Diversity, inequality, community in America

August 30, 1999

ITHACA, N.Y. -- One of our country's most unique features is its racial, ethnic and cultural diversity. But America also is characterized by its substantial and persistent social and economic inequality. This diversity and so-called "durable" inequality are the heart of a new book, A Nation Divided: Diversity, Inequality and Community in American Society (Cornell University Press, 1999).

Edited by Cornell University sociologists Phyllis Moen, Donna Dempster-McClain and Henry A. Walker, A Nation Divided explores the origins, influence and implications of these controversial issues.

"Can a nation in which inequality is enmeshed with diversity maintain and/or establish a sense of community?" the co-editors ask in their introduction. "While American society has drawn strength from multiple, and sometimes overlapping identities, when divisions harden, the possibilities of building and sustaining community become increasingly remote."

In the 303-page volume, leading social scientists explore how different groups become socially and economically unequal and how the persistent patterns of durable inequality affect national stability. Incorporating the latest theory and research, the researchers describe the changing demography of diversity and inequality and the interplay of diversity, inequality and community in educational institutions, the military, the family, popular culture and religion. They also offer strategies for reducing durable inequality and creating social harmony.

Authors of the chapters include prominent scholars such as Melvin L. Kohn of Johns Hopkins University, Sandra Lipsitz Bem of Cornell, William Julius Wilson of Harvard University, Glen Elder of the University of North Carolina, James Lowell Gibbs and C. Matthew Snipp of Stanford University and Robin M. Williams Jr., professor emeritus of sociology at Cornell, to whom the book is dedicated. The contributors tackle topics such as:

EDITORS : For a review copy, contact Andrea Clardy at (607) 277-2338, fax (607)277-2397 or afc4@cornell.edu.

-- The roots and nature of durable inequalities.

-- The connection between durable inequality and social stability.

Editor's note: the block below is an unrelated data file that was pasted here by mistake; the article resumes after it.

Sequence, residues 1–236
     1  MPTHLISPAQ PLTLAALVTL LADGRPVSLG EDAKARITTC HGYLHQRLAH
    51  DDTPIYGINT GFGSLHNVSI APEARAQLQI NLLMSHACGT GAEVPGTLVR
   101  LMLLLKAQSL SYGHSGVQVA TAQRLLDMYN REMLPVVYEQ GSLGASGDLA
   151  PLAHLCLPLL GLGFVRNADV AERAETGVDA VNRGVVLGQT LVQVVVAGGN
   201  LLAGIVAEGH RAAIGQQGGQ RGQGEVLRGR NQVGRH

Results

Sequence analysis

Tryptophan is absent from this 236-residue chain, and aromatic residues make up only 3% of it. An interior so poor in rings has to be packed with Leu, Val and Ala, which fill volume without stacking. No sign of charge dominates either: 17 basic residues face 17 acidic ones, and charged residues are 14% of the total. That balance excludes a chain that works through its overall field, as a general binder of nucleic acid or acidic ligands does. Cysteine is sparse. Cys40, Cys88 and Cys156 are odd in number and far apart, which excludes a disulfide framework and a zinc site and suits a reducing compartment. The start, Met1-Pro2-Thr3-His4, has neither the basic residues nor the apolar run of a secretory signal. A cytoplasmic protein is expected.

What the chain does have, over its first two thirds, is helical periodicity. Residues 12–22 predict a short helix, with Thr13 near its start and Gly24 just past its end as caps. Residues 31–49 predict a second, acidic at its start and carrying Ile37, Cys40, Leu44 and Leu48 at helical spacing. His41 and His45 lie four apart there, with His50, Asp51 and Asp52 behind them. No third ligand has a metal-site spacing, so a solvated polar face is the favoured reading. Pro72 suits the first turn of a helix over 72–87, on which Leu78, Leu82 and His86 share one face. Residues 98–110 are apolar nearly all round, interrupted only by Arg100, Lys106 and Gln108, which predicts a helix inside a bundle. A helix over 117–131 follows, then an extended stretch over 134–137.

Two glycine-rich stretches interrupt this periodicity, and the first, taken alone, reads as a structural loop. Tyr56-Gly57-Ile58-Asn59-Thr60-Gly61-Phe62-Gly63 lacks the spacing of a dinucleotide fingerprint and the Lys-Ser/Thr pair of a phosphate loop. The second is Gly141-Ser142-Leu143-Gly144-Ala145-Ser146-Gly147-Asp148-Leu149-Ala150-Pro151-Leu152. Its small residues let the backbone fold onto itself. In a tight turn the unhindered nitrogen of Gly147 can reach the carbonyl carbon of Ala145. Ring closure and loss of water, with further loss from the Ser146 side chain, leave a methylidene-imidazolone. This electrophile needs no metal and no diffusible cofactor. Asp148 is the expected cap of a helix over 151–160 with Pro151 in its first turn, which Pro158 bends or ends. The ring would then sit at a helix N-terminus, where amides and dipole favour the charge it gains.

-- Challenges to Richard Herrnstein and Charles Murray's controversial bell curve theory.

-- Discrimination against women and gender minorities, such as gays and lesbians, and the value of assimilation of these groups into the American cultural mainstream.

-- Relationships among ethnic differences, "social location" and geographical location and assimilation, social integration and equality.

-- Trends and problems relating to durable inequality in education, family, mass media and religion.

-- Views of the future in relation to diversity and inequality and potential strategies for promoting equality among diverse groups.

The book contains 23 tables, 20 drawings and six maps. It is available as a paperback ($18.95) or in hard cover ($49.95).
-end-
Related World Wide Web sites: The following sites provide additional information on this news release. Some might not be part of the Cornell University community, and Cornell has no control over their content or availability.

-- For information on the book on the web: http://www.corne llpress.cornell.edu/cornellpress/cup3_catalog.taf?_function=detail&Title_ID=3268 &_UserReference=785DEC34C6AB0EFCBB2EE948

-- For information on Phyllis Moen:

http://www.soc.cornell.edu/people/faculty/pem3/pem3.html

-- For information on sociology at Cornell University:

http://www.soc.cornell.edu/

-- For information on the Bronfenbrenner Life Course Institute:

http://www.lifecourse.cornell.edu

Cornell University

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